Third, the Fed has pushed rates down by buying up all kinds of bonds. But …
The BOJ has gone far beyond bonds. In its zeal to hold interest rates down and to support its financial markets, it has broken radically with past practices by buying up Exchange Traded Funds (ETFs), Real Estate Investment Trusts (REITs) and other investments that the U.S. Fed wouldn’t touch with a ten-foot pole.
Fourth, the U.S. government debt is 104% of GDP, considered extremely worrisome. But …
Tokyo’s public debt is 229% of GDP, or more than double Washington’s. In fact, as Larry Edelson has pointed out, it’s even bigger than the debt burden of the chronically impaired country that has already nearly toppled global markets — Greece, with a public debt load that’s 177% of GDP.
Multiply out each of these four factors …
And you will see that a monetary eruption in Japan could pack far more power than the equivalent events in the United States.
Precisely how could that happen and what would be the consequences?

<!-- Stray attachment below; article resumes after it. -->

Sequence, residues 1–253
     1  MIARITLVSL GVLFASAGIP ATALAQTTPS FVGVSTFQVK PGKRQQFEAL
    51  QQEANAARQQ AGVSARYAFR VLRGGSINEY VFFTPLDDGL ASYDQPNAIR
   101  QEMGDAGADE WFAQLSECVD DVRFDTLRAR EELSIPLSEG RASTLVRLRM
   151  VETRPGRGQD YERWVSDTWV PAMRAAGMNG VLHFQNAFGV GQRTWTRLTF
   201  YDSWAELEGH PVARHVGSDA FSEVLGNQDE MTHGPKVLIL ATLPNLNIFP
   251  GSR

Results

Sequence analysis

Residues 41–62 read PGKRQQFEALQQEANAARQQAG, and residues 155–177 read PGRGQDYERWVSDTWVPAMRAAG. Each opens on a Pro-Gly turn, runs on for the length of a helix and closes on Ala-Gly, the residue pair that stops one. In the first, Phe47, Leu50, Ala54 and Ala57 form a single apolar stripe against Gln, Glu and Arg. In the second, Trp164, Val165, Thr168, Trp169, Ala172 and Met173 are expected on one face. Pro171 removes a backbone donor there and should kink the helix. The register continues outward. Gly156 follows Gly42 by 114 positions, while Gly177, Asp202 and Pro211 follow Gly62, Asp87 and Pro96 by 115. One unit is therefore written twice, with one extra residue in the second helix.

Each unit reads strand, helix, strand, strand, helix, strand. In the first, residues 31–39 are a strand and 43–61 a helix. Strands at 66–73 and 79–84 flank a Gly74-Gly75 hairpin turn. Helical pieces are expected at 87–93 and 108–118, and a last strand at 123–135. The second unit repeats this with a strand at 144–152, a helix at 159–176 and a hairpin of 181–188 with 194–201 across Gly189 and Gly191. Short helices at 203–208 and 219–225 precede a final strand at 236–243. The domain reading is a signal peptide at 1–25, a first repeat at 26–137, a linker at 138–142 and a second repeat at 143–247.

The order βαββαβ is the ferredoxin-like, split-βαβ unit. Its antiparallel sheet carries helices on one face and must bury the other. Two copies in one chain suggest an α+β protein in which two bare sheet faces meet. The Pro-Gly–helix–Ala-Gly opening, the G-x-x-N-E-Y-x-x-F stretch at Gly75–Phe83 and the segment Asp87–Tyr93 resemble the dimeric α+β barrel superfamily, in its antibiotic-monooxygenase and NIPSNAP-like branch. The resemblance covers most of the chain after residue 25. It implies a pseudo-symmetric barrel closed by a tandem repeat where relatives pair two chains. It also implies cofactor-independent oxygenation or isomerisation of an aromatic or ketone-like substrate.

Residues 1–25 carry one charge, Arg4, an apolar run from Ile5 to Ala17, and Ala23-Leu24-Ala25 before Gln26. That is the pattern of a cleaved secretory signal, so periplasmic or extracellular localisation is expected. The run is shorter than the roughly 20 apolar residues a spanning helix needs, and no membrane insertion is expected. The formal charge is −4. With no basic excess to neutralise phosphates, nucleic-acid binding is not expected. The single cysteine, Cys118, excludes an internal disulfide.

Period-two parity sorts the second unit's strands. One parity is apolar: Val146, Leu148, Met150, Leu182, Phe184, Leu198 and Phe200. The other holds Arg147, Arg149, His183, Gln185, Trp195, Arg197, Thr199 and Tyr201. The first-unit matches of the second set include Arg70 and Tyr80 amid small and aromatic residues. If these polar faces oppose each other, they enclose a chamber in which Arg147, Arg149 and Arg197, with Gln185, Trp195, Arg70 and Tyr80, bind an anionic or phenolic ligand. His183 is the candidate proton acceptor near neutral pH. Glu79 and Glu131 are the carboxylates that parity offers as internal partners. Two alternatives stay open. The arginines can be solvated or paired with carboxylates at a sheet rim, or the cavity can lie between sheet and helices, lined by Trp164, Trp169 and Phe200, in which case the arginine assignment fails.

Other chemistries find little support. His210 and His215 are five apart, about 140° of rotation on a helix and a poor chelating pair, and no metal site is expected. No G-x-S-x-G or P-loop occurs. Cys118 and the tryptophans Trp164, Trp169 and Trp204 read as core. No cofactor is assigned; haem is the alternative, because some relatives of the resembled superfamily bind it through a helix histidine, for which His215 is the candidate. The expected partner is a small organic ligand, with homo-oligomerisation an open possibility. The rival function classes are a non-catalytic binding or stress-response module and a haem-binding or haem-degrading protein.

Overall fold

For the answers, I just interviewed a very astute Japanese economist whom I’ve known since 1980. (He wants to remain anonymous. So I’ll refer to him simply as “Mr. X.”)
Here are his own words, which I’ve translated and edited for clarity:
“Yes, the BOJ’s situation today is indeed a time bomb. No one can say precisely when it’s going to explode. But I can say with near certainty that it will explode one day.
“There are three possible trigger events that could set it off.
“First, the yield curve in Japan. Right now it’s extremely flat because Japan’s short-term interest rates and long-term interest rates are both near their lowest levels of modern times.